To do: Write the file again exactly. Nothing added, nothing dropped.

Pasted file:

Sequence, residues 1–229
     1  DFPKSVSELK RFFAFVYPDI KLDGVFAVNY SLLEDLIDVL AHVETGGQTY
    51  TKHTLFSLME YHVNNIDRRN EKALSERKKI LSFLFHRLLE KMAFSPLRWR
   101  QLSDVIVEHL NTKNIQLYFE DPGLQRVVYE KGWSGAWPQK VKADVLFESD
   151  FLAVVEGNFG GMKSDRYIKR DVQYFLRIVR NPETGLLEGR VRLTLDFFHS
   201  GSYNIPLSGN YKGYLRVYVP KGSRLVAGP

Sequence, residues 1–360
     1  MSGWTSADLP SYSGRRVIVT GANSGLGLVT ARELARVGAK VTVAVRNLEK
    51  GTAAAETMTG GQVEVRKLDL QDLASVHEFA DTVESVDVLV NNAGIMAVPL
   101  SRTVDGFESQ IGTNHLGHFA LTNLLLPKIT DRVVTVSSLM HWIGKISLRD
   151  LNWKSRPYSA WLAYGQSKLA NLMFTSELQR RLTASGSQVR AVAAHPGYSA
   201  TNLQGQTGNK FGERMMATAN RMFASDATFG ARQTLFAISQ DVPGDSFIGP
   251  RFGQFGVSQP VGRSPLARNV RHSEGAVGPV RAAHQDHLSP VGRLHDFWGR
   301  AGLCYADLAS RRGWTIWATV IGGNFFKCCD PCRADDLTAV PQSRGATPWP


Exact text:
Sequence, residues 1–229
     1  DFPKSVSELK RFFAFVYPDI KLDGVFAVNY SLLEDLIDVL AHVETGGQTY
    51  TKHTLFSLME YHVNNIDRRN EKALSERKKI LSFLFHRLLE KMAFSPLRWR
   101  QLSDVIVEHL NTKNIQLYFE DPGLQRVVYE KGWSGAWPQK VKADVLFESD
   151  FLAVVEGNFG GMKSDRYIKR DVQYFLRIVR NPETGLLEGR VRLTLDFFHS
   201  GSYNIPLSGN YKGYLRVYVP KGSRLVAGP

Sequence, residues 1–360
     1  MSGWTSADLP SYSGRRVIVT GANSGLGLVT ARELARVGAK VTVAVRNLEK
    51  GTAAAETMTG GQVEVRKLDL QDLASVHEFA DTVESVDVLV NNAGIMAVPL
   101  SRTVDGFESQ IGTNHLGHFA LTNLLLPKIT DRVVTVSSLM HWIGKISLRD
   151  LNWKSRPYSA WLAYGQSKLA NLMFTSELQR RLTASGSQVR AVAAHPGYSA
   201  TNLQGQTGNK FGERMMATAN RMFASDATFG ARQTLFAISQ DVPGDSFIGP
   251  RFGQFGVSQP VGRSPLARNV RHSEGAVGPV RAAHQDHLSP VGRLHDFWGR
   301  AGLCYADLAS RRGWTIWATV IGGNFFKCCD PCRADDLTAV PQSRGATPWP